articals on Taipei Times

Forecasting a recession may make it worse.
By Bill Emmott
Tuesday, Jan 06, 2009, Page 9
“What, pray, is all the fuss about?” asked a sage columnist on the first anniversary of the credit crunch (“Crisis, what crisis?”, The Guardian, Aug. 12, 2008). In response to claims that this was a great crisis of capitalism, he even deployed the word “phooey.” That sage columnist was of course yours truly; it is safe to say that I will not paste that article into my scrapbook under the title “Most Prescient Pieces.”
My argument was of course correct in that it looked in the rearview mirror rather than at the road ahead. The striking thing about the first year of the crunch was how little impact it had on the wider economy beyond the banks, the City of London and Wall Street.
And any impact that has yet been seen does not make the situation worse than the recession of the early 1990s, or especially the early 1980s, when unemployment was nearly double today’s level. Still, it is no longer possible to be as sanguine as I was in August. We are still far from a “worst since the 30s” situation, but there is no doubt that in the last four months all developed economies, and many developing ones, have frozen up. How bad might it get? We don’t know, because we can’t know.
It is worth dwelling for a moment on why I was proven so wrong. There are, I think, two reasons beyond idiocy or complacency.
First, I may have spent too much time thinking about Japan. It really did have the rich world’s worst financial crisis since 1929, when after 1990, its stock market plunged 75 percent and property prices fell 70 percent. But it never had a severe recession: more a slow squeeze that ended, from 1997 onwards, in deflationary stagnation. A huge public spending program prevented a slump; while using public funds to rescue banks prevented a meltdown.
The collapse of our financial pyramid scheme could be absorbed, I thought, by learning from Japan’s example and improving on it. That is exactly what British Prime Minister Gordon Brown did by recapitalizing Britain’s banks 14 months into the crisis, rather than waiting eight years, as Japan had. It is reflected in the fiscal expansion announced in British Chancellor of the Exchequer Alistair Darling’s pre-budget report in November and the huge spending program being prepared by US president-elect Barack Obama.
However, our drama now feels worse than Japan’s because it is international. Healthy global growth propped up Japan’s economy, whereas now we are all slowing or receding together. It is also worse because of the second factor that I misjudged in August: psychology.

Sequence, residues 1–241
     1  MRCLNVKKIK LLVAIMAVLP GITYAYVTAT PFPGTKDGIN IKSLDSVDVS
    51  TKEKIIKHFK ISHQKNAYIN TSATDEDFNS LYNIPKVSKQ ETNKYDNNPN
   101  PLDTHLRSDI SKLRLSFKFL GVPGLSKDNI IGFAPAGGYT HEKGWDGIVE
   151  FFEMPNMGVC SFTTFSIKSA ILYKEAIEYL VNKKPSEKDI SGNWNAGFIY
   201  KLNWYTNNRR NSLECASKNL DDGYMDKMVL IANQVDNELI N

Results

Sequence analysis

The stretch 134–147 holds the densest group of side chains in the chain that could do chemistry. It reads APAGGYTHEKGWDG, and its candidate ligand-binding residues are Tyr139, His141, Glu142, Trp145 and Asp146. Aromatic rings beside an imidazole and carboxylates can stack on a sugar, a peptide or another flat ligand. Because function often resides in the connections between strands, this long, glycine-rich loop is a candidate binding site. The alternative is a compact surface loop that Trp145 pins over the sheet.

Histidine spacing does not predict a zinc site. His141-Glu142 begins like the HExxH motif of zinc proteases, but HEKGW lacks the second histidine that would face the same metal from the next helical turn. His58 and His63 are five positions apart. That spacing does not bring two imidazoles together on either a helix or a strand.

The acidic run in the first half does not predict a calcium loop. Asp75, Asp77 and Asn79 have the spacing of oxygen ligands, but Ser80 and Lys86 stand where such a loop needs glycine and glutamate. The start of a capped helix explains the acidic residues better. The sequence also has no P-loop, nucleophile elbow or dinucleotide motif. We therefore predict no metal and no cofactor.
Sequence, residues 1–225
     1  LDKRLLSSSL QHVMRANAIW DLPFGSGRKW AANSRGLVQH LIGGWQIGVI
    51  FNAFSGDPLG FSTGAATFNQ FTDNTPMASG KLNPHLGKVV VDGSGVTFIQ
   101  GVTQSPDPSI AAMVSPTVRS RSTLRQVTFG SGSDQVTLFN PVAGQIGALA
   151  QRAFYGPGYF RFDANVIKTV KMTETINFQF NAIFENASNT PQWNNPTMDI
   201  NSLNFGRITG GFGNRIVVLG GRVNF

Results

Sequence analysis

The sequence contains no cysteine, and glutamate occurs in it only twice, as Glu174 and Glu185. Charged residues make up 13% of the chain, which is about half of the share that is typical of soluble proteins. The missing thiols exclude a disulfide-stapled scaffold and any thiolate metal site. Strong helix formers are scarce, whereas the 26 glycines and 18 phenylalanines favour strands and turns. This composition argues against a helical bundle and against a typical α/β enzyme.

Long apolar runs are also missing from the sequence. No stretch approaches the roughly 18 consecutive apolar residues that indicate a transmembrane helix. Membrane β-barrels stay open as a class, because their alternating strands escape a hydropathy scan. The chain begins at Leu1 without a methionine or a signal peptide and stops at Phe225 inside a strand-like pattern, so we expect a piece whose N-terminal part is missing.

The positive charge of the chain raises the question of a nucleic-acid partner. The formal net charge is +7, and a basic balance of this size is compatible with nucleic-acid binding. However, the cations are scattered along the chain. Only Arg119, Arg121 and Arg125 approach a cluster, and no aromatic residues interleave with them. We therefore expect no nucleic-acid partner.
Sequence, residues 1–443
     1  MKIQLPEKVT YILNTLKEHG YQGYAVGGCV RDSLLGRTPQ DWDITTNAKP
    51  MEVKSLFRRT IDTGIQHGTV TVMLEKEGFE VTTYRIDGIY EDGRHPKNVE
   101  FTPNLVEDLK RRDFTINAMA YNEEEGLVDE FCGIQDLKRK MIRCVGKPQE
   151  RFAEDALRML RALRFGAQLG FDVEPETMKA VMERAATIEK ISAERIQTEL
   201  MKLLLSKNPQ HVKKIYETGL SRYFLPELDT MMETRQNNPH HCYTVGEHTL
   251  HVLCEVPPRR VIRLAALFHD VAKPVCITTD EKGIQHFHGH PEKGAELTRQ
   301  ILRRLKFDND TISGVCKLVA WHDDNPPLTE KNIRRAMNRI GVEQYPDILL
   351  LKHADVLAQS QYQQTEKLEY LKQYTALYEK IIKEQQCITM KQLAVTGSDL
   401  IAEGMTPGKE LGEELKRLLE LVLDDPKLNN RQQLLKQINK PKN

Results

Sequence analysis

The position I took was in effect an attempt to argue that we risked talking ourselves into recession through media scaremongering and remarks such as Darling’s warning in his Guardian interview on Aug. 29 that the UK faced the worst economic times in 60 years, with more “profound and long-lasting” effects than people were expecting. No doubt he now thinks he has been proven correct, while I still hope that he won’t be, and feel he may have contributed to the panic — even though it would be implausible to argue that he caused it.
Now fear has taken over. Companies, households and banks have decided that cash must be king, to be in debt is to risk death, and new commitments are best avoided. Individually, this is rational. Collectively, it is disastrous. Or, to avoid being a scaremonger, it brings about the thing we are afraid of: a nasty recession.
We can’t predict how deep the recession will be, or how long it will last, because it depends on psychology. Economics is not about models and mathematics; it is about behavior: our reactions to opportunities, risks and fears.
Brown and Darling are right to be trying to counter that deflationary psychology by throwing away the old fiscal rules, cutting VAT and expanding public borrowing. Like in Japan, this will help to mitigate the slump. But whether it can end the slump will depend on companies, households and banks that hold cash being convinced that it is time to start spending again.
Meanwhile, this is not yet a true “crisis of capitalism.” That would arise if confidence never seems likely to return, if unemployment has soared and if hope seems truly to be dead. We cannot rule it out. But let us, as Obama said in his book, have the audacity to hope that it won’t happen, and the sense not to announce it until and unless it does.
(Bill Emmott is a former editor of The Economist. )
Innovation should mean more jobs, not fewer.
Efficiency achieved through technological innovation lowers production costs, boosts consumption and expands industries, experts say
By Janet Rae-dupree
Tuesday, Jan 06, 2009, Page 9
Creating new jobs is a good way to get the US economy moving again. That’s not the controversial part of US president-elect Barack Obama’s economic stimulus plans. As usual, the devil is in the details. And innovation advocates fear that if the devil runs amok, a short-sighted emphasis on jobs over long-term productivity may bog down the economic recovery.
The problem, as they see it, is a centuries-old misconception that innovation is synonymous with automation, which in turn leads to the elimination of jobs.
“If you invest in a technology that makes something more efficient, the fear is that people will be put out of work,” says Kevin Efrusy, the venture capitalist whose firm Accel Partners is the lead funder of several important Silicon Valley start-ups, including Facebook.
“But it’s just the opposite. When anything becomes cheaper, we consume a lot more of it. The overall economic effect is, you create and expand entire new industries and employment goes up,” Efrusy said.
A 1995 study by the Organization for Economic Cooperation and Development showed that periods of high productivity — often achieved through automation — were correlated with periods of high job growth throughout the last half of the 20th century.
“Innovation leads to job growth directly and clearly,” says Robert Atkinson, president of the Information Technology and Innovation Foundation.